Germany

An international workforce may be the bedrock of your business’s ability to succeed in a progressively growing global market. With Germany economically outshining many European countries, many companies worldwide are looking to hire employees in this country. Hiring employees in your home country is one thing, but hiring Germans is a whole different ball game. There are so many factors you need to consider, from cultural differences to language to complex labor laws. Let’s now look at some of the most crucial considerations when hiring employees in Germany.

In Germany, the relations between employees and their German employers are stringently regulated under the employment and labor laws of the country. The employees working in a company need to have employment contracts in place that reflect key areas of the employment relationship. This employment contract needs to reflect the parties involved in the contract, gross salary and other benefits, work needed to be done, starting date of the employment, vacations, place of work, and notice period.

Employment contract period

German employees will expect a written employment contract before they can start working for your company. The contract should highlight the key terms and conditions of the job. Some requirements are enforceable only if put in writing. You can take advantage of this to incorporate provisions such as non-competition covenants, confidentiality, and intellectual property rights into the contract. But keep in mind that various obligations and rights enforced by German law may override contractual agreements.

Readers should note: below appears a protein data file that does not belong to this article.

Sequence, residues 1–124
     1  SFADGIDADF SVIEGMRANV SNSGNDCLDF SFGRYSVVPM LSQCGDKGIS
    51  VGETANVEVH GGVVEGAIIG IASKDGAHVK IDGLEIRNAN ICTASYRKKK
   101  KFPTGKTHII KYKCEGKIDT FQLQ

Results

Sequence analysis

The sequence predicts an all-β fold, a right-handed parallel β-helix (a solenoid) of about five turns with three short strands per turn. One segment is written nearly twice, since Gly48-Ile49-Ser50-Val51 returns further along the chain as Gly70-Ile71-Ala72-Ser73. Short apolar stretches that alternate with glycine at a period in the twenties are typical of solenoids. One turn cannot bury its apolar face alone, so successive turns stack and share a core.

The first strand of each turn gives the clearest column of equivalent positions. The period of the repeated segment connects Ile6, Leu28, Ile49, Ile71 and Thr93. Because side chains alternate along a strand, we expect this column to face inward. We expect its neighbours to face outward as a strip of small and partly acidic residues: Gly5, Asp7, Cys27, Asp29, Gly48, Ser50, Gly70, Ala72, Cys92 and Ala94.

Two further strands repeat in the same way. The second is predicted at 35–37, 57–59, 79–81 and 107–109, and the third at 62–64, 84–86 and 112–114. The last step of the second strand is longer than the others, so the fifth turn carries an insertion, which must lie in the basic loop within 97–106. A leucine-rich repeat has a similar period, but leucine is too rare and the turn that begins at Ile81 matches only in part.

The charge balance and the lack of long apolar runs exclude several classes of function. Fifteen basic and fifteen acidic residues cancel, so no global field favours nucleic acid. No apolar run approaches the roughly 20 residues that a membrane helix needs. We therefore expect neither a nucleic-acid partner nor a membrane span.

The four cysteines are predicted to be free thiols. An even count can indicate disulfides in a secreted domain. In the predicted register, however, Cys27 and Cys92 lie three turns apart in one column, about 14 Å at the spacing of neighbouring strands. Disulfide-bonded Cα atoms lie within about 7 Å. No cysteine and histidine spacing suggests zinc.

Even though it is typical to have an employment contract that is unlimited in time the parties involved can agree to a contract having limited terms. Employers tend to use limited-term employment contracts even though they are subject to restrictions according to employment and labor laws. The employer can enter into a limited-term contract rather than renewing the employment contract for a term of up to 2 years without any restrictions. However, if you are new in the German market and are looking to hire employees in Germany, you should hire a professional employer organization, which will guide you through all the necessary steps such as international payroll, contracts, employee registration, taxes, etc.

Taxes

The tax laws in Germany cover federal income and additionally, there is a range of social taxes applicable for covering the multi-faceted social insurance schemes of the country. The social tax responsibility is to be shared jointly by employers and employees. Apart from this, the employers are required to hold onto a solidarity surcharge of 5.5% of the employee’s taxes and it is mandatory.

The income tax is pay-as-you-go and is classified as Lohnsteuern. The income tax is administered by the Finance Ministry and it is payable to the local state tax office of the state. It is the responsibility of the employers to withhold the tax amount from the employee’s salary and pay this amount to the government. The employers hiring German citizens or German residents are covered under federal tax laws.

An offer of stock plans to the employees

The stock plans that are offered to the employees are taxable when they take effect. Employers are required to withhold the income tax on the employee’s salary and the amount is based on the difference between the purchase price of the equity and the value of the stock at the time of exercising the payment. The amounts of the share plan are subject to the same tax calculations as exercised under the payment of normal wages. These amounts are also subject to the amount of social tax. Employers are required to remit these taxes in the manner they are required to remit income tax collected from the salaries of the employees.

Know what  Protection Against Dismissal Entails

The protection against Unfair Dismissal Act comes into effect when you hire over 10 workers in Germany. So you’ll need a legally justifiable reason to dismiss a worker who has been working for you for over six months. If you have employed less than 10 workers, no reason for dismissal is required. But the dismissal must meet the relevant notice period and conform to the principles of good morals as well as good faith. Bear in mind that some groups of workers like pregnant employees, those on parental leave, and those with severe disabilities have special protection against unjust dismissal.